Search Tools

For they bind heavy burdens and grievous to be borne, and lay them on men's shoulders; but they themselves will not move them with one of their fingers.
But all their works they do for to be seen of men: they make broad their phylacteries, and enlarge the borders of their garments,
And love the uppermost rooms at feasts, and the chief seats in the synagogues,
But he that is greatest among you shall be your servant.
And whosoever shall exalt himself shall be abased; and he that shall humble himself shall be exalted.
But woe unto you, scribes and Pharisees, hypocrites! for ye shut up the kingdom of heaven against men: for ye neither go in yourselves, neither suffer ye them that are entering to go in.
And he that shall swear by heaven, sweareth by the throne of God, and by him that sitteth thereon.
Ye blind guides, which strain at a gnat, and swallow a camel.
And say, If we had been in the days of our fathers, we would not have been partakers with them in the blood of the prophets.
Wherefore ye be witnesses unto yourselves, that ye are the children of them which killed the prophets.
For I say unto you, Ye shall not see me henceforth, till ye shall say, Blessed is he that cometh in the name of the Lord.

New Defender's Study Bible Notes

23:5 phylacteries. These were small boxes containing Scripture verses.

23:9 no man your father. This commandment would not apply to recognizing one’s biological father by this name. The point is that no man should be regarded or addressed as an authoritative spiritual master, playing a role equal to that of our heavenly Father or even as an intermediary between us and Him. “For there is one God, and one mediator between God and men, the man Christ Jesus” (I Timothy 2:5). The same would apply to any other title or position (e.g., Rabbi, Master, Doctor, Reverend) which might imply spiritual authority or power above that of ordinary believers, all of whom have been made “kings and priests unto God and His Father” (Revelation 1:6).

23:13 woe unto you. Jesus pronounces eight “woes” on the scribes (or lawyers) and Pharisees in this chapter (Matthew 23:13,14,15,16,23,25,27,29). Seven times He calls them “hypocrites” and five times He says they are “blind.” He calls each a “child of hell” (Matthew 23:15), and says they are like “whited sepulchres…full of dead men’s bones, and of all uncleanness” (Matthew 23:27), and also “full of hypocrisy and iniquity” (Matthew 23:28). They are, He says, “serpents” and a “generation of vipers” (Matthew 23:33). One receives the impression that God hates the sin of hypocrisy in religious leaders more than most other sins! This New Testament language used here by the Lord Jesus is as severely condemnatory as anything found in the Old Testament. Religionists such as these have all though history persecuted genuine believers, especially faithful teachers and preachers.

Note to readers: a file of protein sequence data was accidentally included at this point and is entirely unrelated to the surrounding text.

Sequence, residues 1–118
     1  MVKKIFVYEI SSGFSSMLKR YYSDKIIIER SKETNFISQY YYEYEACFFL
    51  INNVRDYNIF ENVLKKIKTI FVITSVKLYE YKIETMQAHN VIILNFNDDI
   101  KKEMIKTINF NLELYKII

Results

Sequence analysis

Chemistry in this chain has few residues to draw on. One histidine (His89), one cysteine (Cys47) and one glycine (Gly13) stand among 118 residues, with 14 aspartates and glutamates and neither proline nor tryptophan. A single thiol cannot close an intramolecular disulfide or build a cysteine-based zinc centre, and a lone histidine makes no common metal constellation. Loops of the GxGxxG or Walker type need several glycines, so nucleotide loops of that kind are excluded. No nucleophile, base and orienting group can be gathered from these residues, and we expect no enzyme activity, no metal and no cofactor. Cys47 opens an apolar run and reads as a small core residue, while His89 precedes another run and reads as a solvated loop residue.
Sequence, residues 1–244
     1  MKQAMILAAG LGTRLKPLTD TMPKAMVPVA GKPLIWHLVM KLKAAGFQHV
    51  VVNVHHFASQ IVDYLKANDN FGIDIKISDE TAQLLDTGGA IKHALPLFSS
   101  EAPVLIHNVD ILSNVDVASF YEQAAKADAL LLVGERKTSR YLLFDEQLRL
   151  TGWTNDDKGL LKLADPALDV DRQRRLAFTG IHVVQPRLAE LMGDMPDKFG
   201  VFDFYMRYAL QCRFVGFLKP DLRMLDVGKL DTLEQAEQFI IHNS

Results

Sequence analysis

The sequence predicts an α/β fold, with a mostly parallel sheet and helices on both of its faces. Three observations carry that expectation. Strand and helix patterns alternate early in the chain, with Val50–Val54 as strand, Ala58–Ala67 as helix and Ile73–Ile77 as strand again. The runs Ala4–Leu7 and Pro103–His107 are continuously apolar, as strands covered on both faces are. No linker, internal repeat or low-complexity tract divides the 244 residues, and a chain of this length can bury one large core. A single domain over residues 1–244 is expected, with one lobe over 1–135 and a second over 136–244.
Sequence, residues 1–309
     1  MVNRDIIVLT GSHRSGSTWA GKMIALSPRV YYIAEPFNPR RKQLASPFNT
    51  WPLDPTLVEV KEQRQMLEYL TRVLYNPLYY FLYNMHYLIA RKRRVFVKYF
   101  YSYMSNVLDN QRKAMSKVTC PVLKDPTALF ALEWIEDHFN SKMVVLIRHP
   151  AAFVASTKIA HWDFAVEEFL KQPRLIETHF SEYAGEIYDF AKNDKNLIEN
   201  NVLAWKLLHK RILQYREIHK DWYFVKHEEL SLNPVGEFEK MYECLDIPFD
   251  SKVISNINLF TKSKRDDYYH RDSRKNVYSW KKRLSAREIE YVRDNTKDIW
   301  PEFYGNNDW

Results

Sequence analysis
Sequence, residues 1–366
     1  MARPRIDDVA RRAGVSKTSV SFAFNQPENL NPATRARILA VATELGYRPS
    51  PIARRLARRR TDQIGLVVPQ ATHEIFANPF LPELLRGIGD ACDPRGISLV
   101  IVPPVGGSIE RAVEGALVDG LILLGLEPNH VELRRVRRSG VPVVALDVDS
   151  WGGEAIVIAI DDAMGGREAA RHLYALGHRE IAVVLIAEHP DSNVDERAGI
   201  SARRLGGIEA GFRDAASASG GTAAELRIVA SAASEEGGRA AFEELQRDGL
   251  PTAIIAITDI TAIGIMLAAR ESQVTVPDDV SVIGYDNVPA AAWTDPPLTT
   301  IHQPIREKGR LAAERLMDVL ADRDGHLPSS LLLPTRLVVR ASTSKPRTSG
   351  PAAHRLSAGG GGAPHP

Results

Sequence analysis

23:23 tithe of mint and anise. Tithing as such is nowhere commanded in the New Testament, although this verse is often used as such a commandment. However, the context is that of the law, rather than grace. Even under the law, Jesus stressed that judgment, mercy and faith were more important than tithing. The New Testament principle of money stewardship is deduced from such Scriptures as I Corinthians 16:2; II Corinthians 9:6-11; Philippians 4:10-19; Galatians 6:6; Hebrews 13:16; etc.

23:35 Zacharias. The identity of this Zacharias is uncertain. He was not the Zechariah who was the author of the book of Zechariah, but possibly may have been the priest Zechariah who was stoned in the temple court by order of King Joash (II Chronicles 24:20-21).

23:37 O Jerusalem, Jerusalem. When a name is repeated like this by God, the message is always urgent. See note on Acts 9:4.

23:38 desolate. This prophecy was fulfilled in grim detail when the Romans destroyed the temple in A.D. 70 and the city in A.D. 135, sending the Jewish survivors into worldwide exile for almost two thousand years.

23:39 Blessed is he. This affirmation, prophesied in Psalm 118:26, had been sung by the Jerusalem crowds when Jesus entered the city just a few days before, but they did not really understand who He was, and their enthusiasm was quickly rejected and dampened by the priests. The result was the age-long exile and suffering of the Jews. Finally, however, when Christ comes again, in power and great glory, the nation will recognize Him in deep repentance and will, indeed, say “Blessed be He that cometh in the name of the Lord.”

About the New Defender's Study Bible